Facilitating Knowledge Creation and Transfer

Creation and transfer of knowledge as well as the other issues presented below address various aspects of enterprise functioning in a CO, therefore the arguments indicating their significant role in building competitive advantage derive from observations, analyses and considerations regarding these particular factors (and thus different aspects of proximity).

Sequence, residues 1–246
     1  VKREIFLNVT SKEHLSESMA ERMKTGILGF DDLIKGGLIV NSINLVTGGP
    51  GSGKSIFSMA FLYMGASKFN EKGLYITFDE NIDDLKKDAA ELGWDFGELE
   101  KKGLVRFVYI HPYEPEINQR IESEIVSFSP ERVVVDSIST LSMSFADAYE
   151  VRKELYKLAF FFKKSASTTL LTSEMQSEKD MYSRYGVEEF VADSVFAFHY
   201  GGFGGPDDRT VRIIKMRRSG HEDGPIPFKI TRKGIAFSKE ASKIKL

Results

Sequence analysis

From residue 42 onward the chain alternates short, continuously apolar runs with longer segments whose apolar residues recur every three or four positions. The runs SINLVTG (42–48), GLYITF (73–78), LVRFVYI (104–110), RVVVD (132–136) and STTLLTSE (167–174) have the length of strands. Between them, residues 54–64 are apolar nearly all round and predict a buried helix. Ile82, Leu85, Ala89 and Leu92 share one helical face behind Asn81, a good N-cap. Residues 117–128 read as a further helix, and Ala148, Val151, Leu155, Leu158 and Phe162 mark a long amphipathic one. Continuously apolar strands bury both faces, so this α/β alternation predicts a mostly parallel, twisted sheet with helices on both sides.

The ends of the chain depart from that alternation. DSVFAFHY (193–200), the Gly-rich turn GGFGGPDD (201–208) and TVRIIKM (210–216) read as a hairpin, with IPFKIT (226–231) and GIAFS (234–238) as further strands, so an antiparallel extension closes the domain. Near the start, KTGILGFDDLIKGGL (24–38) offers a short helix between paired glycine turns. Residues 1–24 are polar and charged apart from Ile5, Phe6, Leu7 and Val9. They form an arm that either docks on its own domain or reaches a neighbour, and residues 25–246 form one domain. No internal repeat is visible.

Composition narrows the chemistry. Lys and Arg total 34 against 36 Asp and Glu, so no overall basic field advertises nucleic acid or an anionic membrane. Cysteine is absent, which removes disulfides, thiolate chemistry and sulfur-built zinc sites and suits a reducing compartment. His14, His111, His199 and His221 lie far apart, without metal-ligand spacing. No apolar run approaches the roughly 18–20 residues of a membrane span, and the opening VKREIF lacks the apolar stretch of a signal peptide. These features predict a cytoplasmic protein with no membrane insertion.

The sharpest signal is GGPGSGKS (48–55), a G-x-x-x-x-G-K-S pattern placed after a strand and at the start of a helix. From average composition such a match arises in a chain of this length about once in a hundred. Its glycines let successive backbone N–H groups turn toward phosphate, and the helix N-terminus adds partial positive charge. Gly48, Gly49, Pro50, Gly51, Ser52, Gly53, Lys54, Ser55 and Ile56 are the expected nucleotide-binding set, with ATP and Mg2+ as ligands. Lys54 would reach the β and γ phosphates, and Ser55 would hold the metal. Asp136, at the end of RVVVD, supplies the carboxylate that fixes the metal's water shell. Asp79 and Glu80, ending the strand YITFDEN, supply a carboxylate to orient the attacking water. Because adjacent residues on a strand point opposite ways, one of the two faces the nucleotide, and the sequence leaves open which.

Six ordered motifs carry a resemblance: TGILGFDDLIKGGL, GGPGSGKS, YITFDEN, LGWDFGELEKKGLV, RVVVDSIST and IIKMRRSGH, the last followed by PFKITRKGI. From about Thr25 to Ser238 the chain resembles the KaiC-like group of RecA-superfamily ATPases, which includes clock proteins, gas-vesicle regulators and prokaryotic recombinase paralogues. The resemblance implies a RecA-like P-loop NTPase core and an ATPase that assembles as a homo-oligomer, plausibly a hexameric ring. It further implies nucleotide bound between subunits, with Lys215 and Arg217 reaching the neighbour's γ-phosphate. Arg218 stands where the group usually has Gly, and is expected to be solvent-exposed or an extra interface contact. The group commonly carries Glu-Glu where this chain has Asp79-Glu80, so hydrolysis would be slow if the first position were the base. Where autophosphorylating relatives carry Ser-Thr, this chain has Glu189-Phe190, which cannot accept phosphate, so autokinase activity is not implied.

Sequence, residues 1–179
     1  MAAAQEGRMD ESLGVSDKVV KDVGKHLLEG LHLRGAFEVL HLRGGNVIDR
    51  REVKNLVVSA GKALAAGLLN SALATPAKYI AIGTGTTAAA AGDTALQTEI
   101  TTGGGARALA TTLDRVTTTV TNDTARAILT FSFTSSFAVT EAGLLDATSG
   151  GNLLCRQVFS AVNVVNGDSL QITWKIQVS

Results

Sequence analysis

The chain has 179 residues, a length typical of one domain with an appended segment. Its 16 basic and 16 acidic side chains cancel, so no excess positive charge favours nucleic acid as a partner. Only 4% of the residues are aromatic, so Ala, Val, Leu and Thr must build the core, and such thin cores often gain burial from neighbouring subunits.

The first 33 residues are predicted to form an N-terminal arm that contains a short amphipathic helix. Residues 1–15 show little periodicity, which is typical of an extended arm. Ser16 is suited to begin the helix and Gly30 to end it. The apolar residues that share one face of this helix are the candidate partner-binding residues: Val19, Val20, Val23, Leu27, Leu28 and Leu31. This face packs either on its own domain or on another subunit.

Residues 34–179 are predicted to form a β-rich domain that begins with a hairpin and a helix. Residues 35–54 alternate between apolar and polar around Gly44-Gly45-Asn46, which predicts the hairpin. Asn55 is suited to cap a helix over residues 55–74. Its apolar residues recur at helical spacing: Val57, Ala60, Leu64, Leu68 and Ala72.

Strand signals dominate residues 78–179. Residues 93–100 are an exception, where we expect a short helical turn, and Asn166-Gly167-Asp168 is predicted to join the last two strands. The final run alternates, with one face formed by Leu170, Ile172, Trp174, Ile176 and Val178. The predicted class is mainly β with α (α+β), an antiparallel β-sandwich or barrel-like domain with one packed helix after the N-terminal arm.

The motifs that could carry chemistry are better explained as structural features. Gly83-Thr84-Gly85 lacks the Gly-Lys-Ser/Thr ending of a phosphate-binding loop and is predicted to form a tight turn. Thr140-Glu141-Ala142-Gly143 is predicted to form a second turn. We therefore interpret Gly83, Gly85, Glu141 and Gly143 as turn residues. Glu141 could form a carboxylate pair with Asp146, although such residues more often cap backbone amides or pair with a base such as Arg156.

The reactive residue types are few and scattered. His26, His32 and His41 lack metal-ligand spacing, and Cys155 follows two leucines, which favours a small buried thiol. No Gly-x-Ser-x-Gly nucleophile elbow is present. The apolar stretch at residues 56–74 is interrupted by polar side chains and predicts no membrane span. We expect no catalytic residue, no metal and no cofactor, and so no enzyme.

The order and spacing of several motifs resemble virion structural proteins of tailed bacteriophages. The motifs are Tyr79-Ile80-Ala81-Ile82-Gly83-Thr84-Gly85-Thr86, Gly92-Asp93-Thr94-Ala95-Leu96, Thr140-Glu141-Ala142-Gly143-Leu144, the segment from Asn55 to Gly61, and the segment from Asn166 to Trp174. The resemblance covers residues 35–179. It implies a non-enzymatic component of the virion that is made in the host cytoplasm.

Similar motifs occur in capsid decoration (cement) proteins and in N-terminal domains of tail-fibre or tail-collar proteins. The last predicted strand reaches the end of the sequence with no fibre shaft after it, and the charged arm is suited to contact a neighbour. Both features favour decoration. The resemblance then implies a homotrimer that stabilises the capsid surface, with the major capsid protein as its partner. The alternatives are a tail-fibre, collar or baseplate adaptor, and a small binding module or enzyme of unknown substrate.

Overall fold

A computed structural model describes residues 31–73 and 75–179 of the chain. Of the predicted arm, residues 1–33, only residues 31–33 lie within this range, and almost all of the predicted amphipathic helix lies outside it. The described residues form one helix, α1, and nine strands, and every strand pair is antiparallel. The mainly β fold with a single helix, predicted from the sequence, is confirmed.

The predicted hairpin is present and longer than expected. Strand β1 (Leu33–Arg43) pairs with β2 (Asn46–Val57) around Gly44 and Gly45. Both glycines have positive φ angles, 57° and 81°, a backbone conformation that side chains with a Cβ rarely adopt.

Among the others, social proximity is highly important due to the mechanisms of creating and transferring knowledge. It demonstrates the significant impact of non-economic factors on economic activities carried out by individual or collective entities. In the context of social proximity, these non-economic factors are limited to the relations among actors that form larger entities. In order to acknowledge these relations as an indicator of social proximity, they must involve trust based on at least one of the following: kinship, friendship or past personal experience connecting the analyzed entities (Boschma, 2005a; Czakon, 2010; Heringa et al., 2014; Broekel & Boschma, 2012). At the group level, social proximity may relate to the degree of overlapping network relations among the organization individuals (Boschma et al., 2014) and the network of past and present cooperative bonds among these organizations. The literature indicates that maintaining social proximity enhances learning processes (and thus increases the innovation potential) (Boschma, 2005a; Czakon, 2010) and the mechanisms of tacit knowledge exchange.10 The positive impact of social proximity on the results of cooperation among entities has been extensively described by scholars. Empirical research reveals that networks of social relations built on personal relations resulting from the experience of joint work are distinctively important carriers and transmitters for reciprocal knowledgesharing processes (Breschi & Lissoni, 2009). They also act as a stimulus to more frequent contacts of organizations employing the entities that maintain close social relations (Agrawal et al., 2006). Accordingly, it is only a step away from recognizing personal interactions as a factor positively influencing the innovativeness of enterprises - as the research by Montreal high technology companies has shown, representatives of these sectors strongly linked these both variables (more clearly in the smaller biopharmaceutical sector than the larger aeronautical sector though) (Tremblay et al., 2003). A similar dependence has been indicated in European research on the technological progress of individual EU regions, where social proximity was recognized as one of the determinants of innovative activity (although its impact was defined as moderate) (Paci et al., 2014). In the case of cooperation between Italian enterprises and universities, social proximity was one of the determinants of building the very cooperative relations, effectively opposing the inhibitory tendencies resulting from the large geographical distance that often separated the cooperating units (Guerini et al., 2013). Similarly, an analysis of enterprises operating under strategic alliances showed that although the social proximity of the involved entities facilitated the initiation and implementation of knowledge exchange processes among the partners, this impact was rather limited when compared to the strength of influence exerted by technological proximity (being one of the subtypes of cognitive proximity) and the geographical one (Usai et al., 2017). However, a much more important consequence of social proximity of the enterprises was the fact that such easy interaction and exchange of knowledge with the already known entities led to selfreconstructing cooperation processes affecting not only the entities involved in it, but the entire network in which these entities participated (Usai et ah, 2017).